The Adaptation of the Implicit Relational Assessment Procedure (IRAP) to Guide Curriculum Development

Gregory S. Smith (University of Nevada, Reno), NICOLE JACOBS (University of Nevada School of Medicine), Ramona Houmanfar (University of Nevada, Reno), Timothy Baker (University of Nevada School of Medicine), Melissa Piasecki (University of Nevada School of Medicine), Robbyn Tolles (University of Nevada School of Medicine), Kate Martin (University of Nevada School of Medicine)

The impact of medical practitioners implicit biases on the quality of care provided to patients perceived as different from themselves has been well documented. Medical education has frequently addressed these biases in classroom settings, but there is evidence that in some cases, simply teaching about cultural differences may only reinforce some negative stereotypes. Therefore, understanding the nature of implicit biases and acknowledging the potential negative effect on doctor-patient relationships may offer a more effective approach to enhancing the cultural competence curriculum in medical education. At UNSOM, the IRAP has been adapted to measure implicit bias in this medical student population, with the intent of shaping the curriculum to address these biases. This presentation will discuss the process of developing the IRAP for this specific population, the current work being done and the intended outcome of integrating the IRAP into future curriculum development.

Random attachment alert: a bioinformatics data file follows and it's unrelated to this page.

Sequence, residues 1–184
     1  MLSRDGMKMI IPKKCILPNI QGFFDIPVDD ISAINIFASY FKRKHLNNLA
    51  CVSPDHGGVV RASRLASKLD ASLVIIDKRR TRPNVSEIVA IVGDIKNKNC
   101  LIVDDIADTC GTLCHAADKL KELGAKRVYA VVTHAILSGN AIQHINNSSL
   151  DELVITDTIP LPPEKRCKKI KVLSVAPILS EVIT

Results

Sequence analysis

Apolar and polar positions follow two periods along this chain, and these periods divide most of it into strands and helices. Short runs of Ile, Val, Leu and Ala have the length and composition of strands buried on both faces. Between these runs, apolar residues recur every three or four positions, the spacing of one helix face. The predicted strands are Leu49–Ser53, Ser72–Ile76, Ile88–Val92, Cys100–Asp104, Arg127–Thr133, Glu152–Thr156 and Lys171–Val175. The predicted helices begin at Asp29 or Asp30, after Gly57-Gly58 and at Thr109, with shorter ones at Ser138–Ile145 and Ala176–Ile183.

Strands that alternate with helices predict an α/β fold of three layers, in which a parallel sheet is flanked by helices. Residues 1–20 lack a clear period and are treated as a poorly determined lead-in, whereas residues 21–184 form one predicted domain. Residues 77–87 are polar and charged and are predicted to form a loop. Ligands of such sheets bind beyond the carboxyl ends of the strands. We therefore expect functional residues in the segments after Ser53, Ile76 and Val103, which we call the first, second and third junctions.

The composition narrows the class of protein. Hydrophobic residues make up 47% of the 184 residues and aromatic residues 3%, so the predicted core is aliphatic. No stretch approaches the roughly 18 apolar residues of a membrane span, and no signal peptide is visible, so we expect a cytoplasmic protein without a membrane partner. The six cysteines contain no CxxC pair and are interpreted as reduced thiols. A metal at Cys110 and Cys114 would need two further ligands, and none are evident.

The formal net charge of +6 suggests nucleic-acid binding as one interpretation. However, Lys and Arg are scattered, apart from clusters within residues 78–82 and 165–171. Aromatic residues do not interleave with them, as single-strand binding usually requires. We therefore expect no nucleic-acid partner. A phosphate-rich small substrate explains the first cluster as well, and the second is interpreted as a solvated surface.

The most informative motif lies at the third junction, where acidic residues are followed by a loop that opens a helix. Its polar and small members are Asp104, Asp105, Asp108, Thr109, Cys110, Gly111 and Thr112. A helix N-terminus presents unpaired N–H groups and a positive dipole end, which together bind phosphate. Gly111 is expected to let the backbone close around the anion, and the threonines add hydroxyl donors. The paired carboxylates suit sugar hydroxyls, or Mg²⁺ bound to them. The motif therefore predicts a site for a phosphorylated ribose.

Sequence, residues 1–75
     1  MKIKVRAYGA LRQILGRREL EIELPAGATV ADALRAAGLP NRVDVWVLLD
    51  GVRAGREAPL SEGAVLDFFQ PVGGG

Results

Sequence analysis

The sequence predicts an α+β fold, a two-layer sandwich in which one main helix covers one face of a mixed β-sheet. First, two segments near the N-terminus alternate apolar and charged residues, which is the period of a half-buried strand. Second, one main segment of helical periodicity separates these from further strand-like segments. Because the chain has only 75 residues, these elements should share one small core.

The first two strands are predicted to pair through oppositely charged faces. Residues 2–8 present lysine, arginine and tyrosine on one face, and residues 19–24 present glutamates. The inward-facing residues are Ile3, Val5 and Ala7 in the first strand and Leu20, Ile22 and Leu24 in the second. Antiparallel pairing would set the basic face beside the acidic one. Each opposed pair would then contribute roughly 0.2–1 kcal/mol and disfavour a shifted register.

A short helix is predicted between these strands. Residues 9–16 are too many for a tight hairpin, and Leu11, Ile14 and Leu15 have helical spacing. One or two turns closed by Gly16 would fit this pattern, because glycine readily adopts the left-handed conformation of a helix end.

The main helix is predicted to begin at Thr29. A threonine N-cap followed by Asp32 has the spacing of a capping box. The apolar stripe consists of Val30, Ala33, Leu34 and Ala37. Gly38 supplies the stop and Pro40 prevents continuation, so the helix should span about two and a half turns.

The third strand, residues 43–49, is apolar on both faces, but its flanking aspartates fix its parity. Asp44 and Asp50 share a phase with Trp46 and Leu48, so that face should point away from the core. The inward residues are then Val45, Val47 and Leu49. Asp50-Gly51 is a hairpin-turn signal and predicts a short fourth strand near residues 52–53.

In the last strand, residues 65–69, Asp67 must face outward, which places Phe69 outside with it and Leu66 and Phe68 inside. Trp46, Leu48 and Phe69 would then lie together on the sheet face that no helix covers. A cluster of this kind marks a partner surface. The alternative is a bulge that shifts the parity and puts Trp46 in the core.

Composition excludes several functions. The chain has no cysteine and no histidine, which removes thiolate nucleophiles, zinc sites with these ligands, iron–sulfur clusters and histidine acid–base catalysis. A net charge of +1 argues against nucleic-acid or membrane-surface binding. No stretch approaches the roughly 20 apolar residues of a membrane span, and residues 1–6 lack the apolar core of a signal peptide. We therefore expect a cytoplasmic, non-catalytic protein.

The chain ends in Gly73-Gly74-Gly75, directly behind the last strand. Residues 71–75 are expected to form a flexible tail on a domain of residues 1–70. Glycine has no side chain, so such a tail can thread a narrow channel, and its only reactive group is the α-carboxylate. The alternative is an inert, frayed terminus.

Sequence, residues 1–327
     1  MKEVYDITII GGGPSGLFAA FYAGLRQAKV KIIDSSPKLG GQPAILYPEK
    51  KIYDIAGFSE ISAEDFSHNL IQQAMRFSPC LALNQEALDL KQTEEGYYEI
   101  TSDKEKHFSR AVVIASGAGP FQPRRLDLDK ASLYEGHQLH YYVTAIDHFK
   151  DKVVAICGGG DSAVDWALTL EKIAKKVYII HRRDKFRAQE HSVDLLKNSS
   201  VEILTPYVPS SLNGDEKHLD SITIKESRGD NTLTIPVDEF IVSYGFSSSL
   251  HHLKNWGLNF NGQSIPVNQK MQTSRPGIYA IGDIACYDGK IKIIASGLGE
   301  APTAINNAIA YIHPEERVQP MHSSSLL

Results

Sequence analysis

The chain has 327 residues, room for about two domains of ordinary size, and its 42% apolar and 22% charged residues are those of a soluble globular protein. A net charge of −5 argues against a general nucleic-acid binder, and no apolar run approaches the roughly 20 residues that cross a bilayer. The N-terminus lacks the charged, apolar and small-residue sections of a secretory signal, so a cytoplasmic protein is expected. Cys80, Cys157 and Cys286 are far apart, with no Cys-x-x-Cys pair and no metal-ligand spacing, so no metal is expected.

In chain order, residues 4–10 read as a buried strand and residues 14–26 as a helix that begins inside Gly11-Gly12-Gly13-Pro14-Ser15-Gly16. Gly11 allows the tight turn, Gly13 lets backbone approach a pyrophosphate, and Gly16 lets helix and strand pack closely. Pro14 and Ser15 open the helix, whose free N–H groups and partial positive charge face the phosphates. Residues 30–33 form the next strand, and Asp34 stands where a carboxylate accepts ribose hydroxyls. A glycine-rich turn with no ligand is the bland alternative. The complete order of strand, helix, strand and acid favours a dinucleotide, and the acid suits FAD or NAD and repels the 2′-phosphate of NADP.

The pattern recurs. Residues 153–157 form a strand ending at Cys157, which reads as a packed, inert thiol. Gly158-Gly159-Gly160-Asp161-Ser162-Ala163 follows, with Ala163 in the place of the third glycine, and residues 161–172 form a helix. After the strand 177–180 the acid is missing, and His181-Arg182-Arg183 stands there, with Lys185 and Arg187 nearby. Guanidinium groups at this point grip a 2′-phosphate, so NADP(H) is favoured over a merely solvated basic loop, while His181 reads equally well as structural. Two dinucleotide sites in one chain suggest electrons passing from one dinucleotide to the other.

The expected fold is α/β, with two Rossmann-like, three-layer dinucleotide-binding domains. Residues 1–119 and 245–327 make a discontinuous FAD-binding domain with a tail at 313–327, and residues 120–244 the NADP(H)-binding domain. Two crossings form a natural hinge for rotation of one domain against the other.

The Customized Adoption of the Association of American Medical College's (AAMC) Faculty Forward Survey: Determining Faculty Involvement and Driving Faculty Engagement

JENNIFER HAGEN (University of Nevada School of Medicine), Melissa Piasecki (University of Nevada School of Medicine)

Medical schools employ large numbers of faculty in both the clinical and basic sciences, averaging about 500 faculty members per medical school. The assessment and evaluation of large numbers of faculty makes it difficult to pinpoint areas for development and opportunities to increase faculty engagement. The AAMC recognized this issue and created the Faculty Forward Engagement Survey which measures faculty satisfaction with numerous aspects of their work environment. Faculty members survey responses are aggregated and benchmarked against responses at cohort schools to create an institutional report detailing actionable areas for improvement. Identified areas can then be targeted by leaders to improve faculty development activities and engage faculty in problem solving. This presentation will detail the events at UNSOM leading up to the implementation of Faculty Forward, the reasons this survey instrument was chosen, how it was customized to this institution and how the results are being used to guide organizational change.